These insa-a-ne software prices

Microsoft has recently announced a rebate for the Windows 2000 Server and a bundle of related software that I recommend you look into.

Television viewers in the New York area were bombarded in the 1980s with ads for a discount electronics chain known as Crazy Eddie's. After unveiling the latest specials, the store's madcap pitchman, actor Jerry Carroll, ended every ad with the manic tagline, "His prices are insa-a-ne!"

The deals were actually pretty good, but more than the prices were a little nutty. Eddie Antar, the company's CEO, was convicted of securities fraud, ordered to repay investors $US121 million, and sentenced to eight years in prison. (Released from prison in 1999, Antar and his relatives are trying to revive the brand.)

Microsoft has recently announced a rebate for the Windows 2000 Server and a bundle of related software that is equally "insa-a-ne". And fortunately, I don't see signs that any Microsoft executives are going to jail, so this is one discount that I recommend you look into. The rebate offers resellers of Microsoft's Small Business Server 2000 up to $US500 in cash back. Despite its name, SBS isn't a different platform. It's good ol' Windows 2000 Server packaged with several applications. For an estimated retail price of $US1500, an SBS buyer gets the following.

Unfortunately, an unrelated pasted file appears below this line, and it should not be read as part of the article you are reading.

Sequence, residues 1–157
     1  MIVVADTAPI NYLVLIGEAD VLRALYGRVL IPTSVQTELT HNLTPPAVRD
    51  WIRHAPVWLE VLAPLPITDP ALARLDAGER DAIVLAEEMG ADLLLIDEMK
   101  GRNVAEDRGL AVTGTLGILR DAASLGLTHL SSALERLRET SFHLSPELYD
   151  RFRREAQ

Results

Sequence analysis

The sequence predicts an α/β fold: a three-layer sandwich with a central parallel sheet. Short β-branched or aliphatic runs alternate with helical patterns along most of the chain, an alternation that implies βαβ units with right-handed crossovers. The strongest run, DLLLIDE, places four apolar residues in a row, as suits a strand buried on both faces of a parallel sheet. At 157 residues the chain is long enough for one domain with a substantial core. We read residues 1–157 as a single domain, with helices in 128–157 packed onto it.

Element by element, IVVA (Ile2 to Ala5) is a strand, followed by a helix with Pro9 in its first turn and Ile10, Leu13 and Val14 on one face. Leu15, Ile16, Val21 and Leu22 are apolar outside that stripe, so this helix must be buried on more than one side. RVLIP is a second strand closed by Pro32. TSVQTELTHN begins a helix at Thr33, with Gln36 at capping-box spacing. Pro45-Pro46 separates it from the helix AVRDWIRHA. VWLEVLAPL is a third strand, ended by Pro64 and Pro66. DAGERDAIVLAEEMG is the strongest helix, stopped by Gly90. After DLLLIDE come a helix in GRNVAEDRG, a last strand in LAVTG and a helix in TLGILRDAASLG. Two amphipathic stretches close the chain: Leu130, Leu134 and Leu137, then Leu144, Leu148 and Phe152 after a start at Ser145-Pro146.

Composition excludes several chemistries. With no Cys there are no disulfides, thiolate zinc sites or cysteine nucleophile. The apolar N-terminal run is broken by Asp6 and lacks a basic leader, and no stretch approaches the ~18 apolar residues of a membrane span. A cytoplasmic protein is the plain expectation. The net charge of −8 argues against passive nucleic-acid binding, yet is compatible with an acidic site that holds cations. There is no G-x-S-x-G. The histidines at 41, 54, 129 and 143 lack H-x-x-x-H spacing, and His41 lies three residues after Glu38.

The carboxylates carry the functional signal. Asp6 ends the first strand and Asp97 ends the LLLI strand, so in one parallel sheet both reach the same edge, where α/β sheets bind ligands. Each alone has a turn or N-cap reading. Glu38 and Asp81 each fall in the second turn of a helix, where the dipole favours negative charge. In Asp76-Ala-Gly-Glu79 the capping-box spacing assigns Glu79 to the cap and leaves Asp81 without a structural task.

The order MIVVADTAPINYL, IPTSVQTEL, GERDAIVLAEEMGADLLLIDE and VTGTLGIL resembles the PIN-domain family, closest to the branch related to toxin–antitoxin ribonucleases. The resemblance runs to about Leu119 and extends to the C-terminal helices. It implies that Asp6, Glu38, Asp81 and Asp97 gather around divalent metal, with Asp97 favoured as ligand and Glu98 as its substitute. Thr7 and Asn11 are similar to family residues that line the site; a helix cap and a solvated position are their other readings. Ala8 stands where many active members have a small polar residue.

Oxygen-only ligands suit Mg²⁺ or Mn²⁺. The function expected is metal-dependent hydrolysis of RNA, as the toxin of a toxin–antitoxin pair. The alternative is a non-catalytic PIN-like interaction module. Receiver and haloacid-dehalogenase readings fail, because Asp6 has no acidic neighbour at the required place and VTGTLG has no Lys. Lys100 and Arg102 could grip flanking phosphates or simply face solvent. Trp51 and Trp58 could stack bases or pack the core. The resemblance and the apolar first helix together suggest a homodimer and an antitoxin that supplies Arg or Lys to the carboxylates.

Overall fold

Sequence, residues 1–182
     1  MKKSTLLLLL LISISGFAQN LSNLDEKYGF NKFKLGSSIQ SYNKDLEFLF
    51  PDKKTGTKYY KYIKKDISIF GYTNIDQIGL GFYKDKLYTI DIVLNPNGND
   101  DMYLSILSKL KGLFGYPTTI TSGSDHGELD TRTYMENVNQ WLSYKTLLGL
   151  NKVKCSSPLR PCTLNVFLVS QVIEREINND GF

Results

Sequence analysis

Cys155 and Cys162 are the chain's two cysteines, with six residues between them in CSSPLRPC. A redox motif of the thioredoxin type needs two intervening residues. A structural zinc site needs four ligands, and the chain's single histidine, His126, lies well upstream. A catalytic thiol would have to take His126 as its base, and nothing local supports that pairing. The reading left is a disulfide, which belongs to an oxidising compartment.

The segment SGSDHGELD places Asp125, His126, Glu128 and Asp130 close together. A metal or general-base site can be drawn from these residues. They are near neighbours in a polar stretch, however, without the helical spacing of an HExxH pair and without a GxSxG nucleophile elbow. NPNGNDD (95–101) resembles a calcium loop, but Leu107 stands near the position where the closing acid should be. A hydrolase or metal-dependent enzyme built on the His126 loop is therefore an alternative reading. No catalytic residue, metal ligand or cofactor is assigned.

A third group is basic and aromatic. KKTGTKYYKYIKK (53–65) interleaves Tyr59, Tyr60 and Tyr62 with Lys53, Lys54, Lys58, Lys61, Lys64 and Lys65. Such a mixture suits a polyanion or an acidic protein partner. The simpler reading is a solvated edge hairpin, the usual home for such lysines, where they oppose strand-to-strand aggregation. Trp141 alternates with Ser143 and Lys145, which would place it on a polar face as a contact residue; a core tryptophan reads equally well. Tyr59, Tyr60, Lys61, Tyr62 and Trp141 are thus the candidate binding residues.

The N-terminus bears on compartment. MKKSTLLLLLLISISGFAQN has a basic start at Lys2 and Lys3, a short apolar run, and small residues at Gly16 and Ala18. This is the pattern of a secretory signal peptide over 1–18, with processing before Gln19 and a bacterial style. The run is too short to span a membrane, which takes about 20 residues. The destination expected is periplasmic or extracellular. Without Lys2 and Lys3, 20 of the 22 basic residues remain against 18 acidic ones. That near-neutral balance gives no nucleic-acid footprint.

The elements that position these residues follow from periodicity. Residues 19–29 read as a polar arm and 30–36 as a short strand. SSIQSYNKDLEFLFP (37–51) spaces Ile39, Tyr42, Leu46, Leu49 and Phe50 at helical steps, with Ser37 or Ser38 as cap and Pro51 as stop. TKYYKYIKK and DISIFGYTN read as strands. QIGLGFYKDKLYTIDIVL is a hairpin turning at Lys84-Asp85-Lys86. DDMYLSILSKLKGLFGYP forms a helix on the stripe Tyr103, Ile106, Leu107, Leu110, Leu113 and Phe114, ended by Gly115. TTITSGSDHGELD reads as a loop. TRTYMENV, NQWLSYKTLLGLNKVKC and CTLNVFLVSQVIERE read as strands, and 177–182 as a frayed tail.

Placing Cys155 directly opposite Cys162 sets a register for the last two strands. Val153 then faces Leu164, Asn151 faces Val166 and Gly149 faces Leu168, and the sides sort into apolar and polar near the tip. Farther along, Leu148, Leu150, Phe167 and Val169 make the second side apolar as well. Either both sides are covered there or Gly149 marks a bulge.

• The Windows 2000 Server with five client log-ons
  • The Exchange 2000 Server email package
  • The SQL Server 2000 database program
  • ISA Server 2000, a software firewall
  • Fax/modem sharing and other features
  • Licences to install Outlook 2000 on five PCs
The list price for a five-user Windows 2000 Server and this lineup would be over $US5800. Buying SBS, of course, tends to lock you into using Microsoft software instead of other alternatives. But if you've already decided, SBS costs less than the $US1000 estimated price of Windows 2000 Server combined with any one of the programs listed above.

SBS isn't for large enterprises because it scales only to a maximum of 50 log- ons and doesn't play well with multiple Windows 2000 Server domains. But if you run a small business that plans to become a Fortune 500 company, SBS easily upgrades to the full-meal deal.

Microsoft stresses that its rebate isn't a price cut. It's a refund for consulting provided to customers by resellers. But in reality, resellers may now cut SBS to $US1000 or less to stimulate sales.

Those other alternatives I mentioned earlier include open source. When I asked about this, Katy Hunter, a Microsoft group product manager of small to midsize business, replied, "It's largely Linux when we look at our competition in the small-business space."

The software giant wants to convert consultants from Linux to Windows badly enough that a source within Microsoft says the company debated (and is still considering) SBS price points as low as $US800 or even $US600. Hunter disavows this, saying, "We think the current price is an awesome value."

Next week I'll examine our server future.

Send tips to Livingston. He regrets that he cannot answer individual questions.

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